Female artistes ‘unite’ for change in Cannes
‘Diverse & equitable’
CANNES, France, May 13, (Agencies): Hollywood stars including Cate Blanchett, Kristen Stewart and Salma Hayek called Saturday for equal pay in the cinema industry and beyond in a historic red carpet protest at the Cannes film festival.
Eighty-two actresses, filmmakers and producers marched arm and arm to demand equality and “a safe workplace”, seven months after the world was shaken by the #MeToo movement and the fall of mogul Harvey Weinstein.
The ranks included a battalion of Oscar winners from Helen Mirren and Marion Cotillard to US blockbuster directors Ava DuVernay and Patty Jenkins who made “Wonder Woman”.
“We demand that our workplaces are diverse and equitable so they can best reflect the world in which we live,” said Blanchett in a statement read out with the legendary 89-year-old French director Agnes Varda.
Blanchett, a double Oscar winner, said they wanted “a world that allows all of us in front and behind the camera to thrive shoulder to shoulder with our male colleagues.”
With Cannes under fire for its dearth of women directors, the world’s top film festival hoped to fend off some of the fierce criticism with the march.
The number of protesters was highly symbolic as it represented the 82 films by female directors who have competed for the top Palme d’Or prize since 1946 — a number dwarfed by the nearly 1,700 male contenders.
The star-studded group stopped halfway up the stairs to the Palais des Festivals to mark the obstacles they face in trying to reach the top.
“The stairs of our industry must be accessible to all. Let’s climb,” Blanchett declared, with some of the rally’s participants visibly moved.
The Australian actress also head the female-majority jury that will decide the festival’s top prize.
Several protestors including Stewart made a strong fashion statement by donning suits and tuxedos, in a show of defiance to Cannes’ red-carpet dress code which is often denounced as sexist.
Women have been stopped from entering premieres in the past for not wearing high heels.
Producer and activist Melissa Silverstein of Women and Hollywood hailed the event as a “massive milestone towards change”.
“An honour to share the carpet with @Ava (DuVernay) and all the other women who are pushing for more opportunities for women,” she said in a tweet after the march.
The protest took place ahead of the premiere of “Girls of the Sun” by Eva Husson, one of only three women out of 21 directors in the running for the Palme d’Or.
The film is the story of the Kurdish Yazidi all-female Sun Brigade who are fighting Islamic State jihadists in Syria and Iraq, where thousands of women were kept as slaves.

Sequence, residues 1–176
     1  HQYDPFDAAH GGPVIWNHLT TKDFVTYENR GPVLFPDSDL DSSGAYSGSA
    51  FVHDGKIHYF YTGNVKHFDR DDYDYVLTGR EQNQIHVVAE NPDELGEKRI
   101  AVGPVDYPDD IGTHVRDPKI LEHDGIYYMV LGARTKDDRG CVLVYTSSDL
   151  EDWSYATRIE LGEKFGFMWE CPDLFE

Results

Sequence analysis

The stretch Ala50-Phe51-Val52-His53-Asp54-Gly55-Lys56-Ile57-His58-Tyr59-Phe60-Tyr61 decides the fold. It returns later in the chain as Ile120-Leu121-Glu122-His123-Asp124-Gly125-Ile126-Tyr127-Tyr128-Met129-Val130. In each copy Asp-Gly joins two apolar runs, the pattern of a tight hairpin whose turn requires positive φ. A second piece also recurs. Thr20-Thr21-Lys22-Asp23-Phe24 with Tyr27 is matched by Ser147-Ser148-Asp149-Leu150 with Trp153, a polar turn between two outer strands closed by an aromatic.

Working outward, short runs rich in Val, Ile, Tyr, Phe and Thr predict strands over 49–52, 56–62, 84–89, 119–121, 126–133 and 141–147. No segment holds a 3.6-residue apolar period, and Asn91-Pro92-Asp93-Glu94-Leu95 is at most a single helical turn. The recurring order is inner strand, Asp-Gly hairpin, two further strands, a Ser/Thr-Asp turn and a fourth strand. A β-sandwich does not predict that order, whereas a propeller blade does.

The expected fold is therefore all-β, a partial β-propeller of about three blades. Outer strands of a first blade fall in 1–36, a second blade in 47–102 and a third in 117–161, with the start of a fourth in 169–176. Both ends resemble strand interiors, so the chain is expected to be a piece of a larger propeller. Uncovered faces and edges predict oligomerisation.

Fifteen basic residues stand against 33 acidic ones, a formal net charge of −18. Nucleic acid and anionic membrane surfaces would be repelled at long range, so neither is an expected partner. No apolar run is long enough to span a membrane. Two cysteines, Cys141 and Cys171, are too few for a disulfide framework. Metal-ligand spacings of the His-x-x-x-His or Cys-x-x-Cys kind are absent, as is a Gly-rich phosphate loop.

The protest comes at the first Cannes festival since the cinema industry was engulfed by the spiralling sex abuse allegations against Weinstein.
Cannes was the scene of several of the disgraced Hollywood mogul’s alleged attacks on actresses.
In response, the festival set up an anti-harassment hotline this year.
The number has already received “several calls” since the festival’s launch on May 9, said French Equality Minister Marlene Schiappa.
Cannes “must be a safe space for women,” she stressed.
Blanchett has criticised Cannes for once again failing to invite more female directors.
“There are many women on the jury but I wish there were more in competition,” the Australian-born star told French radio earlier this week.
The 48-year-old has emerged as a key figure in Hollywood’s fight against sexual misconduct.
One of the first women to call out Weinstein, Blanchett co-founded the “Time’s Up” movement to support abuse victims.
Her comments echo those of fellow actress Jessica Chastain who served on the jury last year and lambasted Cannes for its “disturbing” depiction of women.
Chastain caused a stir on Thursday when she revealed that she planned to make Hollywood’s first big budget all-female blockbuster with a cast including Penelope Cruz and Lupita Nyong’o.
Only seven percent of Hollywood blockbusters were directed by women in 2016.
France has the best ratio among the major filmproducing countries with 23 percent of films directed by women.
There were 82 women in total, a reference to the number of female directors who have climbed the steps of the Palais, the festival’s central theater, since Cannes began celebrating celluloid in 1942. In the same period, 1,866 male directors ascended the same stairs, Blanchett said in a statement, as the women linked their arms in solidarity.
“Women are not a minority in the world, yet the current state of the industry says otherwise,” Blanchett said. “As women, we all face our own unique challenges, but we stand together on these stairs today as a symbol of our determination and commitment to progress. We are writers, producers, directors, actresses, cinematographers, talent agents, editors, distributors, sales agents and all involved in the cinematic arts.”
After Blanchett spoke, Agnes Varda, the legendary French film director of “Faces Places,” added, “The stairs of our industry must be accessible to all. Let’s climb.”
The specter of Weinstein, the indie film producer who helped spark an industry-wide reckoning after being accused of assaulting or harassing dozens of women, was evoked during a 20-minute gathering that was both solemn and celebratory. Announcers at the demonstration said this new awareness has come about in the wake of “Harvey Day,” calling it “a terrible event” with important consequences. After Blanchett and Varda spoke, the assembled women erupted in cheers.
Festival organizers have been criticized for failing to do more to publicly acknowledge the #MeToo and Time’s Up initiatives. They have also been faulted for not promoting more female filmmakers. Only three of the 18 films in competition this year are from female filmmakers — a low number that nevertheless represents Cannes’ best showing since 2011.